Rural Health News

Medicaid Expansion Will Save Lives

Nebraska’s LB 472, the Medicaid Redesign Act, would provide health insurance coverage through the state’s Medicaid program to those in the coverage gap. People fall into the gap when they make too much income to qualify for traditional Medicaid coverage but not enough to qualify for premium assistance tax credits through the health insurance marketplace, and they lack access to employer-provided insurance.

HELP Act Won't Bust Budget

Other states have found their initiatives to expand Medicaid similar to Montana’s SB 405, the Montana Health and Economic Livelihood Partnership (HELP) Act, have produced significant budget savings. Providing health insurance for low-income, working Montanans will result in state budget savings and economic growth.
 
Kentucky estimates their expanded Medicaid program will result in net state budget savings of $820 million from state fiscal year 2014 to state fiscal year 2021. And Arkansas estimates savings of $370 million during that time.
 

Medicaid Redesign Won't Bust Budget

Other states have found their initiatives to expand Medicaid similar to Nebraska’s LB 472, the Medicaid Redesign Act, have produced significant budget savings. Providing health insurance for low-income, working Nebraskans will result in state budget savings and economic growth.
 
Kentucky estimates their expanded Medicaid program will result in net state budget savings of $820 million from state fiscal year 2014 to state fiscal year 2021.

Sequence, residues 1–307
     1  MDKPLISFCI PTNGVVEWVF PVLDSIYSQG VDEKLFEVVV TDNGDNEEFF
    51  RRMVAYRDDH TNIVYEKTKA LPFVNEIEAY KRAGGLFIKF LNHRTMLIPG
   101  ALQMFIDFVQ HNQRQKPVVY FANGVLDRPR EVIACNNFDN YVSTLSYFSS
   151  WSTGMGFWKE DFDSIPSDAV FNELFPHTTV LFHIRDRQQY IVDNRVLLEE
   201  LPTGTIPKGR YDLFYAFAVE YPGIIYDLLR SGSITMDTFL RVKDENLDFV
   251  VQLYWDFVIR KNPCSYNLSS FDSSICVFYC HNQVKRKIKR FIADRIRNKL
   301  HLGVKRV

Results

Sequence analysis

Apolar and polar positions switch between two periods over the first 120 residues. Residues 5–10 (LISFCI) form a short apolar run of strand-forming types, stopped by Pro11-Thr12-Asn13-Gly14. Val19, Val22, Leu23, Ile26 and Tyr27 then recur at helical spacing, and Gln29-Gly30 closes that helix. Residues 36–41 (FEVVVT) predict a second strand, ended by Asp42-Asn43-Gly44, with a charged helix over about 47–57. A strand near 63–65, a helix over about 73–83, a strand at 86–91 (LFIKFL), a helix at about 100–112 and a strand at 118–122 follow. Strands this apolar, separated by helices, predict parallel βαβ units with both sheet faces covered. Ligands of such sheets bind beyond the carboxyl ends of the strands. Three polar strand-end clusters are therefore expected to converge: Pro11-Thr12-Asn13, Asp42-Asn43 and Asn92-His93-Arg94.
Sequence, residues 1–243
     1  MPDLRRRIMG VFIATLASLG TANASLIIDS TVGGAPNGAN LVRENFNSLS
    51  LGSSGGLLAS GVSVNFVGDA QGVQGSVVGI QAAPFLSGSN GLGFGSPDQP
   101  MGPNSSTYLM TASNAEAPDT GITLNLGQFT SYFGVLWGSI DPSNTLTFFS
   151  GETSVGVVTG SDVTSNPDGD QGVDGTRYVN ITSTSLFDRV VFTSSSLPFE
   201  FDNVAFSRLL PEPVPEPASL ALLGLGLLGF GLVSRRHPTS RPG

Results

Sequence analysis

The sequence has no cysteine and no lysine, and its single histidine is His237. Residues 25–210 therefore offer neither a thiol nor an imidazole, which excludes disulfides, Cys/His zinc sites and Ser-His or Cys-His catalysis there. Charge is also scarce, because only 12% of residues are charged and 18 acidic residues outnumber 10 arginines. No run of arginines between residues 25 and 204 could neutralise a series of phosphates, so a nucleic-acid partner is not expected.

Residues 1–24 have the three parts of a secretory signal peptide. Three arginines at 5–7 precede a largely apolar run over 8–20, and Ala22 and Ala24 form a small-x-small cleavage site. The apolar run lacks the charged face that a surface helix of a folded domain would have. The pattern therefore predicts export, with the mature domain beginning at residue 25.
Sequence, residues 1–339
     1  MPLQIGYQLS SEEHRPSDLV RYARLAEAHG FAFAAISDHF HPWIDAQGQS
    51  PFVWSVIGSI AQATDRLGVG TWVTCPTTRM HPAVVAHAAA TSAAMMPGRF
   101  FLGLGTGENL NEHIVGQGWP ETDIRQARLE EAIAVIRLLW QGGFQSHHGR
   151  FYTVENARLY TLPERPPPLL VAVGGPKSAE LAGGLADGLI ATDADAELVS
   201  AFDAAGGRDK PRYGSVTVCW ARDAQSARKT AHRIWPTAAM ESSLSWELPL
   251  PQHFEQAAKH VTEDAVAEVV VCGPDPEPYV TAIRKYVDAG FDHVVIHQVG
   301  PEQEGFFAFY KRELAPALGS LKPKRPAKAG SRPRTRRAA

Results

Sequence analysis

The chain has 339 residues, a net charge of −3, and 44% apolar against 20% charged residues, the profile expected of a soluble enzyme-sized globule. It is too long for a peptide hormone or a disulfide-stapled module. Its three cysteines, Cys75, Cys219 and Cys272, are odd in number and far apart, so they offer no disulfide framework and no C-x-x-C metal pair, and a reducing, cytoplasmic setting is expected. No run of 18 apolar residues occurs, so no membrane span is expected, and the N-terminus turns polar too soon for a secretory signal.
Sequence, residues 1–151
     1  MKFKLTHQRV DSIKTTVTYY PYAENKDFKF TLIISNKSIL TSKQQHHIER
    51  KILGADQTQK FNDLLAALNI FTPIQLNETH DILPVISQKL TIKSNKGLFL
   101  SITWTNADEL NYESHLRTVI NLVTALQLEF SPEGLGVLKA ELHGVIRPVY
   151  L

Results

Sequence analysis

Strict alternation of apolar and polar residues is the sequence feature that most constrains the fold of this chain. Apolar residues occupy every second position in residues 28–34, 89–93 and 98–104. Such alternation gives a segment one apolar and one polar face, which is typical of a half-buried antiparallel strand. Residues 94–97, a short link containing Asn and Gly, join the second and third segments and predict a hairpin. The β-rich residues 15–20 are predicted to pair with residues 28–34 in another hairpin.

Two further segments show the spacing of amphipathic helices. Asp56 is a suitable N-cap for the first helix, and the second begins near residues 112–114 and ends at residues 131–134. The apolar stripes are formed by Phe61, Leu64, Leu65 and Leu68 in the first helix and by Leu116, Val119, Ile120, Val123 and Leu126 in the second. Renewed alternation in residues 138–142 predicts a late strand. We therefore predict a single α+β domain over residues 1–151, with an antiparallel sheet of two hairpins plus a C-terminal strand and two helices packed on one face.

Medicaid Redesign Act - No-risk Solution for Nebraska

LB 472 is a no risk way to provide health insurance to those in the Coverage Gap.

One of the major arguments against LB 472, the Medicaid Redesign Act, is that the federal government cannot be trusted to maintain the funding to states for an expanded Medicaid program. The argument goes that since the federal government cannot be trusted to maintain funding, LB 472 would cause the state to pick up the tab for this initiative.

Nebraska Medicaid Losses Top $400 Million

Since Jan 1, 2014, Nebraska has been forfeiting $930,096 per day in federal funds that could provide health insurance for over 54,000 low-income, working Nebraska families and individuals. On March 6, the amount of forfeited federal funds will top $400 million.

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